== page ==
The rain poured with no sign of letting up.
As I glanced down at the grocery bags in my hand, I was thankful my husband had encouraged me to do my errands solo. People scurried through the parking lot dodging puddles, and I decided to make a dash for it.
I climbed in our van only slightly soaked and immediately reached for the bag, searching for one thing—Reese’s Peanut Butter Cups.
Perhaps my craving was prompted by the thought of my husband’s impending mission trip to Africa for two weeks while I stayed home alone with our four kids (six and under). I had invested in quite a stash for those moments when I might need to hide in the closet of my bedroom.
Or perhaps it was that bright orange commercial. You know the one: peanut butter and chocolate, an unforgettable combination. Only, by the number of times I had seen the same commercial, I was not convinced they believed it was REALLY unforgettable since they were determined to keep reminding me of it over and over again.
With the rain steadily tapping on the window, I looked at the clock. I still had some time before naps would be over and I needed to be home to start dinner. I had hoped for a comfy chair in the local coffee shop, but this would have to do. At least it was quiet. Getting settled comfortably in my seat with my unforgettable chocolate-y peanut butter treat, I found the place where I left off in the book I was reading:
“Advertisers repeat their message . . . They know it will take more than one exposure for their message to be absorbed. If it didn’t need repetition, they would create quick and inexpensive ads that aired only once. . . . The world gets it! Shaping ideas requires long-term interaction with long-range goals and 100 percent saturation.
It’s the same message for every generation—but slickly tailored to the hot buttons of each. The underlying message is ME! I deserve . . . I want . . . I will be happy if . . . I can’t live without . . . These messengers tell us and our children how to think about life, themselves, other people, and God.”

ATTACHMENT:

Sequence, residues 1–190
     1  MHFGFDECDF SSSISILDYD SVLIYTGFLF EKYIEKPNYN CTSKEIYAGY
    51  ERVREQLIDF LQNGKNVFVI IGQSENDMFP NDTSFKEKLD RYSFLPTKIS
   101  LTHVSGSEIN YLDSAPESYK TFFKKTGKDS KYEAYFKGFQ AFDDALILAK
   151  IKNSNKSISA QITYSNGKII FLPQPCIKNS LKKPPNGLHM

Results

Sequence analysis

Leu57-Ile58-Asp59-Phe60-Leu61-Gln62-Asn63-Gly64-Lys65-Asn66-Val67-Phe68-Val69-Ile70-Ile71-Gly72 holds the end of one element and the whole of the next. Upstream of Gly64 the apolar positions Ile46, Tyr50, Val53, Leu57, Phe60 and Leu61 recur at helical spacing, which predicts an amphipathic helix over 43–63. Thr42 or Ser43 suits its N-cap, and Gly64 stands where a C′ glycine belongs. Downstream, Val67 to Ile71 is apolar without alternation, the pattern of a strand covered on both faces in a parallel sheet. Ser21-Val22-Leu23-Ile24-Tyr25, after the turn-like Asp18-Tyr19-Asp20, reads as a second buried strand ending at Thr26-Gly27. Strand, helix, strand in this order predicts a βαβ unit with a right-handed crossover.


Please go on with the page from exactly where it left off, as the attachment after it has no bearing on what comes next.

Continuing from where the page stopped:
I reread it and thought about how the world does not get tired of bombarding me or my children with their message about everything—from how to think and live, to the goodness of chocolate. I had to laugh a little at that truth as I finished off the last of my peanut butter cup.
But then with sadness and regret, I recounted the tired, frustrated words that came from my lips earlier that day. The ones that had prompted my husband to encourage me to leave the kids home and take some time to myself.
“How many times have I told you . . . ”
“I am not going to tell you again . . . ”
“You should know this by now. I have told you a THOUSAND times . . . ”
How I had needed to read those words. Because the world doesn’t get tired.
Patiently, quietly, confidently, it repeats its message with one purpose: long-term interaction with long-range goals and 100 percent saturation.
But what about me? I get tired of repeating myself. I think once should be enough for my children to understand that they should put others first, that they should love their brother or sister as they love themselves, that they should put. their. shoes. where. they. BELONG.
That they should love the Lord their God with all their heart, soul, mind, and strength and do all things for his glory.
But I really should know better than that. The Apostle Paul did. He knew that I needed to be reminded over and over of the truth of the gospel, of what honors the Lord.
“Finally, my brethren, rejoice in the Lord. To write the same things again is no trouble to me, and it is a safeguard for you” (Philippians 3:1, emphasis added).
“For this reason I have sent to you Timothy, who is my beloved and faithful child in the Lord, and he will remind you of my ways which are in Christ, just as I teach everywhere in every church” (1 Corinthians 4:17, emphasis added).
Oh, that the Lord would give me grace for every moment and lasting endurance so I might remind my children of the ways which are in Christ!
Because if I don’t, there is an ever ready teacher waiting to direct them. One that will be happy to tell them again and again with great patience. And its message is much easier and more enticing, but it is a way that leads to death.
Have you had those moments? My prayer for us both is we would be diligent in the ministry the Lord has given us, to remind our children, just like Timothy, and that like Paul it would be no trouble to us.
Just like the rain that falls steadily until the ground is saturated, may we daily, hourly, by the minute water the implanted seed of God’s Word in the hearts of our children as we trust him to bring forth the growth. Day after day after day until the Lord returns, may we be found faithful. May we be found tirelessly reminding our children and ourselves of Christ and his ways.
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